After coming to the U.S. in 1992 and disclosing his past PKK dealings, he was admitted and granted political asylum. However, under pressure on the Clinton Administration from Turkey to support American anti-terrorism efforts, U.S. State Department retroactively labeled the PKK a "terrorist organization" in 1997. The charges against him were for lying about not being affiliated with a terrorist group on his asylum application. Despite applying 5 years prior when the PKK was not declared a terrorist organization. Post 911, he was taken into custody by the U.S. Department of Homeland Security on July 29, 2004. He served 10 months in a Michigan County jail. Parlak subsequently won a writ of habeas corpus and was released from prison on June 3, 2005. The court had originally decided to deport him based on the government's case; he is currently free pending an appeal of that decision.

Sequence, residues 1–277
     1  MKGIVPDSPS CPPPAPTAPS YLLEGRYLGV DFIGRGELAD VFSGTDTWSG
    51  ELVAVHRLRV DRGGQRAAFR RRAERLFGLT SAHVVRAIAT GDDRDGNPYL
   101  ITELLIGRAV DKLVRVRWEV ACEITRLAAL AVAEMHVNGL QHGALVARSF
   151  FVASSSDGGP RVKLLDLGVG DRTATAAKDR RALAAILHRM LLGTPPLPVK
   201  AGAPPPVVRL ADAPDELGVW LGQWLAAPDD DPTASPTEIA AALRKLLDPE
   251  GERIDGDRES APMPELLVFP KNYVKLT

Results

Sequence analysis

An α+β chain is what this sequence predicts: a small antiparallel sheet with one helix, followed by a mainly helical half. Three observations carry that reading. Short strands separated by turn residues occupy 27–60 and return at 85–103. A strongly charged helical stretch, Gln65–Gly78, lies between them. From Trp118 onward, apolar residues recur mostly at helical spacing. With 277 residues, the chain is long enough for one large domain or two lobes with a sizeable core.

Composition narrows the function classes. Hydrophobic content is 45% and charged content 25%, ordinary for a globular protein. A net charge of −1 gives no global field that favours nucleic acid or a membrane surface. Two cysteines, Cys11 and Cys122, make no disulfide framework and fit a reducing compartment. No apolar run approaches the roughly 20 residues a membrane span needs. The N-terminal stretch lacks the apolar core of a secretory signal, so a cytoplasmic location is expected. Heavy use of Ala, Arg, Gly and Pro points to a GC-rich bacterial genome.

- For the relief of Ibrahim Parlak legislation in the 115th United States Congress: H.R. 461 (114th: H.R. 809; 113th: S. 75)
- Free Ibrahim campaign
- Nann Burke, Melissa (2015-12-23). "Restaurant owner gets 90-day reprieve from deportation". The Detroit News. Retrieved 2017-01-13.
|This Turkish biographical article is a stub. You can help Wikipedia by expanding it.|